01 March 2013

Crowdsourcing for Science

Welcome back. Have you heard about crowdsourcing being applied to science? Getting the public involved, actually participating in scientific investigations, is phenomenal!

I learned about the topic while reading the print version of American Scientist in my customary prone position on the couch, but the article also appears in the online edition of the magazine (see my P.S.).

Crowdsourcing


Crowdsourcing? No, just the start
of a flash mob. (photo courtesy of
Rachel,
www.RachelPhilipson.com)
To be sure you’re with me, I’ll start with crowdsourcing, the process of outsourcing tasks to an undefined, distributed group of people. The term is attributed to a 2006 Wired magazine article by Jeff Howe, but the process is far from recent.

An early example of crowdsourcing mentioned in the American Scientist article is the Audubon Society’s first Christmas Bird Count, conducted in the year 1900. Instead of shooting the birds in a Christmas Side Hunt that year, 27 birders held 25 counts in locations from Ontario, Canada to California, tallying some 90 species. Wikipedia notes that, even earlier, the Oxford English Dictionary had an open call for contributions and received more than 6 million submissions over 70 years.

Nowadays, crowdsourcing need not be conducted online, though that’s clearly the most powerful, efficient and far reaching approach. And that’s the approach that’s being tapped to enlist the public’s help in addressing specific science project goals.


Science Projects

I’m amazed to learn the extent to which people are willing to contribute time and computing power. In one online science project, Galaxy Zoo, participants were invited to classify Hubble Space Telescope images of galaxies by their shape, and that information was used in characterizing the galaxies’ histories. Only one day after Galaxy Zoo was launched, the site was receiving some 70,000 classifications an hour!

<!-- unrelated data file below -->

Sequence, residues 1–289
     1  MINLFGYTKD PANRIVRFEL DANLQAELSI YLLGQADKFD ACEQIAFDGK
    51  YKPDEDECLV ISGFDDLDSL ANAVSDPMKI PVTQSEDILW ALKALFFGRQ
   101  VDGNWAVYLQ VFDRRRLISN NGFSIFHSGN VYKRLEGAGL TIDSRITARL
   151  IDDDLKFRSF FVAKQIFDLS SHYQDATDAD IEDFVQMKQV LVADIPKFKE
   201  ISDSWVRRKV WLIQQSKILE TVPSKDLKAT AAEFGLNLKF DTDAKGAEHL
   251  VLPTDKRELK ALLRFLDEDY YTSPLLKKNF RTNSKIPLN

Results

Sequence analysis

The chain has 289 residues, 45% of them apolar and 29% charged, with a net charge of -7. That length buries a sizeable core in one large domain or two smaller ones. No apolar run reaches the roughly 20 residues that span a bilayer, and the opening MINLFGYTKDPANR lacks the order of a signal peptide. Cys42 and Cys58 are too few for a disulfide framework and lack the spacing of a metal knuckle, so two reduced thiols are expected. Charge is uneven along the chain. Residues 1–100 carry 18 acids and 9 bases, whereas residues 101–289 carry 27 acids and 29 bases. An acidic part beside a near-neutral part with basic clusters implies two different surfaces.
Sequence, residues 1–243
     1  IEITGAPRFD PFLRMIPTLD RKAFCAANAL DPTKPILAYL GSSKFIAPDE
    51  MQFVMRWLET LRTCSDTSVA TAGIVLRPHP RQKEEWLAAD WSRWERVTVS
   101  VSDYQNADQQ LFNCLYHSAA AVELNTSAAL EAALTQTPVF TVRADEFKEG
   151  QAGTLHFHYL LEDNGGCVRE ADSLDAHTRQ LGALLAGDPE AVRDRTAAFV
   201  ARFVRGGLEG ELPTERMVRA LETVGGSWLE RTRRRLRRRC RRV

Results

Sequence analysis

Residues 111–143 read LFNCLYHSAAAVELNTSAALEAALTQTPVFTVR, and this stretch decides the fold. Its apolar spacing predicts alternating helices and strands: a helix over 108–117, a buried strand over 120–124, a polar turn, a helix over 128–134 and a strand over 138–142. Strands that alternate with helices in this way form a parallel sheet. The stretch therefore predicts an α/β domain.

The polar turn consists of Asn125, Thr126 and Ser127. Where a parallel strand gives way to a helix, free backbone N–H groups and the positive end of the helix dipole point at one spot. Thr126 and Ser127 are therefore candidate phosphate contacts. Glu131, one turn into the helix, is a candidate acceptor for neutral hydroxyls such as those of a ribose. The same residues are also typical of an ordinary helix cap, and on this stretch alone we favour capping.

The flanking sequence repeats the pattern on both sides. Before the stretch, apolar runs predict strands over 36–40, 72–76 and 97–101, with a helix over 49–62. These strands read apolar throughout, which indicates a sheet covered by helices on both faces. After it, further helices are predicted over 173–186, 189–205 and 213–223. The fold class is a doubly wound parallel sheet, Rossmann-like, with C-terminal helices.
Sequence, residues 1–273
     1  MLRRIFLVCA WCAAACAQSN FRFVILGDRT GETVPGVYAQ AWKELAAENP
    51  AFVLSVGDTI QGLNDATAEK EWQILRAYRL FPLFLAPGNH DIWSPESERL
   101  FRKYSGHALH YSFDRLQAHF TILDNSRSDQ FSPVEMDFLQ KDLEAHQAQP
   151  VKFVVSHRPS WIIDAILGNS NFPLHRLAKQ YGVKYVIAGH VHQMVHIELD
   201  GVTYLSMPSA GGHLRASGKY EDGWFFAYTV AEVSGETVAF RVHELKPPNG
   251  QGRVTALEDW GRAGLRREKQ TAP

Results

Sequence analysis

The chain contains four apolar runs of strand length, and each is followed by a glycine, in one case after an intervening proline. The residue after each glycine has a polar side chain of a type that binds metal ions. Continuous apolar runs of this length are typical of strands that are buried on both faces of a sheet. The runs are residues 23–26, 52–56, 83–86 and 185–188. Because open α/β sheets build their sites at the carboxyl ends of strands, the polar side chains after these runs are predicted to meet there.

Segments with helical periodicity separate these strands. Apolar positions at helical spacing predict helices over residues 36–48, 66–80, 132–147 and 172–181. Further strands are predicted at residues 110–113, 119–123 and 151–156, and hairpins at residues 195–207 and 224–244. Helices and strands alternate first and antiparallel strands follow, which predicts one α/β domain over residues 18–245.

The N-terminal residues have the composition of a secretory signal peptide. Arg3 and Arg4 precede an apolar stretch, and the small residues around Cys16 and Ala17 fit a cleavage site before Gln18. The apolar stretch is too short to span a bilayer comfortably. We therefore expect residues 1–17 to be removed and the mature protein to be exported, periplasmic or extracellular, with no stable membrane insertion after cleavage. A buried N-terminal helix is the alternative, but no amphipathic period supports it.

What’s your interest? Space? Climate? Lives of the ancient Greeks? How about whale communication? Oh, I know. You’ve read my blog post on bats and would like to help characterize bat calls. Or maybe you’d be more interested in classifying animals in the millions of images collected by camera traps at Tanzania’s Serengeti National Park. You can find science projects inviting your help on these and other topics at the Internet home, Zooniverse.

Wrap Up

This all reminds me of when I was teaching. Enrollment in my classes was upperclass and graduate students from various disciplines. Student answers to my assignments or quizzes were usually right, wrong, right and wrong or somewhere in between. Sometimes, however, student answers were filled with new interpretations, knowledge or insight, and I became the student.

I thanked and gave extra credit to the student who enlightened me and shared the information with the class. Class discussion of those answers would build on that new base. It was a mini, non-Internet version of crowdsourcing, so-called Wisdom of the Crowd, and it worked.

Thanks for stopping by.

P.S.

Anon 2012. Interface facts. American Scientist. 100:6:463-465:
http://online.qmags.com/AMS17717547?sessionID=627D3AAFBEE914D0273A6D18B&cid=2241017&eid=17547#pg33&mode2
Jeff Howe. 2006. The rise of crowdsourcing. Wired. 14.06: http://www.wired.com/wired/archive/14.06/crowds.html
Wikipedia write up on crowdsourcing:
http://en.wikipedia.org/wiki/Crowdsourcing
Internet home of science projects, Zooniverse:
https://www.zooniverse.org/

1 comment:

Bill Teng said...

Last time I personally got involved in one of these crowdsourcing events was the search for Jim Gray, who was lost at sea on January 28, 2007 and never found. A request came out for experienced image interpreters to analyze imagery from many sources, to try and locate Gray's presumably capsized boat. We used Amazon Mechanical Turk, https://www.mturk.com/mturk/welcome.